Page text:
Pachypodium namaquanum must rate as one of the the most sought-after and
loveable of all large succulents which has fascinated generations upon
generations. Plants are extremely slow growing, around 0.5–1.5 cm per
year and can become a hundred years old or more.
Usually single-stemmed succulent plant or small tree, growing extremely
slowly. The stem will grow up to 25 centimetres in diameter and the
height may range between 1.5 and 2.5 m when fully grown; however, 4 and
5 m specimens have been observed.
Stem: It has a cylindrical trunk, that thicksets at the base and
tapering to the top that gives them an unmistakable bottle-like
appearance when mature. The stems are mostly unbranched but may
become branched from near the base or - where damaged - the trunk
produces side-branches that immediately curve back to the vertical,
while the very top of the plant is usually bent to the north, in the
same way that
Copiapoa cinerea (Cactaceae) of the Atacama Desert leans to the
Spines: The stems are covered with warty tubercles (knob-like
projections on the stem), from which sharp spines protrude in a slightly
downward direction. The spines are more abundant along the top half of
the plant and decrease toward the base where tubercles are more
Undulate simple, obovate to oblong, green-grey and densely velvety on
both surfaces. They form a crowded rosette at the apex of the trunk
during the growing season. Leaf apexes are tapering or rounded; bases
narrowly tapering. The leaf margins are entire and very wavy which is
another distinctive characteristic of this succulent. The plants has
another flush of leaves after blooming.
Flowers: Tubular velvet-textured, ,up to 50 mm long and 10 mm
across at the mouth. They are red on the inside and yellow-green
outside, the petals have dark red tips. The Pachypodium namaquanum
generally blooms at 6 year old or older, 30 cm tall.
Blooming season: The flowers appear from July to October.
Fruit: Twin pencil-thin tapering seedpods in a V-shape
(joined at the base) up to 50 mm long. Short, soft and grey hairs
densely cover the fruit.. These are pale brown and split down one side
to release the wind-dispersed plumed seeds.
Seeds: About 4 mm long and attached to a tuft of whitish hairs
that act as parachutes. Seeds normally ripen
from September to December.
namaquanum (Wyley ex Harvey) Welw.
Richtersveld ( Northern Cape and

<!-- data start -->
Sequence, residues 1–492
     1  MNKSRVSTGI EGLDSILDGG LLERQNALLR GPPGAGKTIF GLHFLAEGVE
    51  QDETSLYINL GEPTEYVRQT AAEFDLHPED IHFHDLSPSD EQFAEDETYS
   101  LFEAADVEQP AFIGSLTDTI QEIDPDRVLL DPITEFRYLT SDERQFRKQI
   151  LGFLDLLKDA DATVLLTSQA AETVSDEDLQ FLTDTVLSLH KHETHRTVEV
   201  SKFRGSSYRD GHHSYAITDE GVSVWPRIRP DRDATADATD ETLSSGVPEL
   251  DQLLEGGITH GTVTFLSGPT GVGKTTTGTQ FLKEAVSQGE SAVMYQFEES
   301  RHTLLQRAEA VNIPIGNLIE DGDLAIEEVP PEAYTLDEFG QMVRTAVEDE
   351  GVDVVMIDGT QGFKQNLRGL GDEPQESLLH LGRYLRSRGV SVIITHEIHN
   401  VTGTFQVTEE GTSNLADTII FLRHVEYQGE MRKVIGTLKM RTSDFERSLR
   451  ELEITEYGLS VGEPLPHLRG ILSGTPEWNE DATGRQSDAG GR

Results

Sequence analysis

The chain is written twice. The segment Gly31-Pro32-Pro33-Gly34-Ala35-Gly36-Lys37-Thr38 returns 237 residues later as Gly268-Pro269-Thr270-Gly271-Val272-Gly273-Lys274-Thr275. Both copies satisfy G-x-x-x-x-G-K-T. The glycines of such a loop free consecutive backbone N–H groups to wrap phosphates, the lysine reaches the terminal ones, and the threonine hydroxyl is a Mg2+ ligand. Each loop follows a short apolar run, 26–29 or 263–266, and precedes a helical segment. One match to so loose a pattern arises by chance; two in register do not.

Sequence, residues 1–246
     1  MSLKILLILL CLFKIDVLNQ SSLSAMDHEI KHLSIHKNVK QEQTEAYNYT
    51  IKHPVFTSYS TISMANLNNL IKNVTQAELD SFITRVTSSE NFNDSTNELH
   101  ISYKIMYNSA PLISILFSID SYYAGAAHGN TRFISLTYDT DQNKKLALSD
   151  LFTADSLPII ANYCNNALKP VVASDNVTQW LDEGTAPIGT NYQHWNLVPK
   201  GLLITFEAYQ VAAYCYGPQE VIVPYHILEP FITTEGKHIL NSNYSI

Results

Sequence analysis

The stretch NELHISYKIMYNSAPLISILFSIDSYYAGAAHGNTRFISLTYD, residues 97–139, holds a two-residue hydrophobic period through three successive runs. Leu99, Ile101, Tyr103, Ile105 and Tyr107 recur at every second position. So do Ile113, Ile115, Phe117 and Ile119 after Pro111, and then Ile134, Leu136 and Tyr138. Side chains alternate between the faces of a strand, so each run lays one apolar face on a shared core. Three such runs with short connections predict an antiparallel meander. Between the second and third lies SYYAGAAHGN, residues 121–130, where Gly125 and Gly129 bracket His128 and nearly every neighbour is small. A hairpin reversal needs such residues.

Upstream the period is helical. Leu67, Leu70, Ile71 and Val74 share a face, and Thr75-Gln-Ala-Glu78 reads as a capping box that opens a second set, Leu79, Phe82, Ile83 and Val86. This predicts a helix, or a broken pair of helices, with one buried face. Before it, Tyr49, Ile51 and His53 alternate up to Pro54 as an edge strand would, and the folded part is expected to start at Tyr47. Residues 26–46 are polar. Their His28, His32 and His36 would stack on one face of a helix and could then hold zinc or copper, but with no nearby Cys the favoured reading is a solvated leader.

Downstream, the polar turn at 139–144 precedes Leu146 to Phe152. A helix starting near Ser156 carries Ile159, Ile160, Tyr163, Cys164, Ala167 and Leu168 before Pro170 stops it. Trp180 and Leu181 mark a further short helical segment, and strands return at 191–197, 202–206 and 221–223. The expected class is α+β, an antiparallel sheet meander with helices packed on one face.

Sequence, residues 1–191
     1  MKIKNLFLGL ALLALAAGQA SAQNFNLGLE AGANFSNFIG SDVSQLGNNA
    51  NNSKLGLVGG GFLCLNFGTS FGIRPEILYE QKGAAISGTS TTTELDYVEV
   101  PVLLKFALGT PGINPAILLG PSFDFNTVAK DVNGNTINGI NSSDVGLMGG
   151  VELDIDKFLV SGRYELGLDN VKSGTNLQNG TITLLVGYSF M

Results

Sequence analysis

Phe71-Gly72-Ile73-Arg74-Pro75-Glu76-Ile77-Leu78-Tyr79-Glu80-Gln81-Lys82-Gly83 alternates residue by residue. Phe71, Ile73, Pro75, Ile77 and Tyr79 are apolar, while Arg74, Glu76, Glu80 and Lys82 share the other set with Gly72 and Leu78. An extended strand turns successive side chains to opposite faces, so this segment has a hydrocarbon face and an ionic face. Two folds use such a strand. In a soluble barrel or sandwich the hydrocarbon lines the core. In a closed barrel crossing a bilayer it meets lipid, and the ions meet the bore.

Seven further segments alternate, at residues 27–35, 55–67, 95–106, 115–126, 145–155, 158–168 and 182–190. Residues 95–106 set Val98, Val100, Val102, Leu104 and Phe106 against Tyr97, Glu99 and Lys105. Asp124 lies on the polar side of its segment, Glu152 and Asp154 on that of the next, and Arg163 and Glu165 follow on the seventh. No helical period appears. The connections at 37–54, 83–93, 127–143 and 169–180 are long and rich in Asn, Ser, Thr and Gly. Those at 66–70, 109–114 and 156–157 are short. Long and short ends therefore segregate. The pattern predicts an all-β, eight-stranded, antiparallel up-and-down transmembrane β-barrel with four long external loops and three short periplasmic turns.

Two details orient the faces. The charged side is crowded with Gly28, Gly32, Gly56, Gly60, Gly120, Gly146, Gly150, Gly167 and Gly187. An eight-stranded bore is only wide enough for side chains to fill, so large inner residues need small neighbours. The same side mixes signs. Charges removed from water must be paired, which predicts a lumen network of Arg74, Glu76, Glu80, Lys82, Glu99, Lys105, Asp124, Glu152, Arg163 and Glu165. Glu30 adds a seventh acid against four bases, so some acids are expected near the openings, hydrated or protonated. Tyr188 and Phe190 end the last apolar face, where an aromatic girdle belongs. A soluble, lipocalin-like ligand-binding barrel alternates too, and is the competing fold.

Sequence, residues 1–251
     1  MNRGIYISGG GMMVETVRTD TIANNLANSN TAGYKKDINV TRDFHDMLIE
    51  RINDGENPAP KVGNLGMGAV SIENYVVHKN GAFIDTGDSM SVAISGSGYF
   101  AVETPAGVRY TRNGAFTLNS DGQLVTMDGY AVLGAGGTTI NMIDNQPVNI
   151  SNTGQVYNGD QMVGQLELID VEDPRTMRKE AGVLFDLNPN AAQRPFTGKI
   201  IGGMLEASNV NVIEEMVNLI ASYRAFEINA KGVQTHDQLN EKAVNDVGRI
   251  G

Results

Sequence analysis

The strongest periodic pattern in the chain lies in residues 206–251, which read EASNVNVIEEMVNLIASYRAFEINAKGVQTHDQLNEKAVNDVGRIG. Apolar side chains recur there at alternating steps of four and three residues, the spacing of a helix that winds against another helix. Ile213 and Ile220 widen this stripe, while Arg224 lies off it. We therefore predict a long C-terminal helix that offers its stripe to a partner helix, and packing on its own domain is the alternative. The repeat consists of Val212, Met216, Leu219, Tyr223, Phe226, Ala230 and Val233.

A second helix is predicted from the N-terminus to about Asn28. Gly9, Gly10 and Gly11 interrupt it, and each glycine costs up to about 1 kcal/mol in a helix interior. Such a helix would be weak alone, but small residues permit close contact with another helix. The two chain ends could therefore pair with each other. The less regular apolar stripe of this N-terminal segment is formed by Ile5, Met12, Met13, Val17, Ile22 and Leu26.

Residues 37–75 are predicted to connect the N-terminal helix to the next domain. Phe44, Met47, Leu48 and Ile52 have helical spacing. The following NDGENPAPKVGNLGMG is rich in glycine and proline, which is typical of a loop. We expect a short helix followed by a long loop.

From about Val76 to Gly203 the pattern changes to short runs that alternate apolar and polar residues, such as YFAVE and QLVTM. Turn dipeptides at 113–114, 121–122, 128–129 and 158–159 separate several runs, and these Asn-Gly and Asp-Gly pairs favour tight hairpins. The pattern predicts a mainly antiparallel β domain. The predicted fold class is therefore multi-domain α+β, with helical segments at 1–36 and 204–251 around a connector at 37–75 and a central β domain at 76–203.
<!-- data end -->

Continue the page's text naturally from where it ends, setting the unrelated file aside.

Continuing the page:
southern Namibia. ) in the Gariep Region or Orange River region (the
area that has the greatest variety of succulents on earth)
Habitat: Arid, rocky deserts
and mountains at altitudes from 300–900 m above sea level The climate is
harsh and the weather can be quite unpredictable. Rainfall here occurs
mainly in winter and varies from 50 to 150 mm. Extremely arid conditions
are to be found in the rain shadows of certain mountain ranges where the
rainfall may be 15mm or less. Thick fog moving inland from the Atlantic
coast can add to the precipitation. Temperatures in summer may reach
50°C. Plants seem to favour rocky and stony hill slopes that are exposed
to extreme summer conditions particularly heat and wind
Conservation status: Listed in
CITES appendix 2.
Common Names include: Elephant's
trunk ( Eng. ) - Halfmens (Afr.) - Club Foot.
Etymology: The generic name
Pachypodium is derived from the Greek word "pachys"
meaning "thick" and "podion" which means
"foot". The specific name namaquanum refers to the
"Namaqualand", a semi-arid region in the northwestern part of South
namaquanum is a winter grower, it grows from November to April.
They seem to be rot-prone under less than ideal conditions and care.
Water sparingly and give extra well-drained soil to avoid waterlogged
conditions Give it moderate water
during this growing period, and minimum to no water the rest of the
time. Will take some light frost. Sun Exposure: Light shade to full sun.
To make them less prone to rotting, they can be grafted onto
P. gaeyi or P. lamairei. Plant grafted grow even faster and
Propagation: Seeds or cutting: It grows easily from seeds as long
as seeds are fresh, Seeds can be sown in the summer. After germination,
care should be taken not to overwater as this encourages rot and fungal
infestations. Keep plants well ventilated, in good light and dry plants
out in the dormant season which is summer (March to Oct).
With cuttings the success is not always guaranteed. Cuttings should be
taken in the period just before the growing season starts and the wound
is treated with a fungicide and then left to dry for at least two weeks.
Cuttings are inserted in a well drained medium. Cuttings are kept in a
hot well-lit and ventilated area and watered sparingly in the winter
months; once a week should be more than enough.
It is known that P. namaquanum also
contains poisonous alkaloids as its sap is also used for arrow poisons.
The sap can also cause blindness when in contact with the eyes.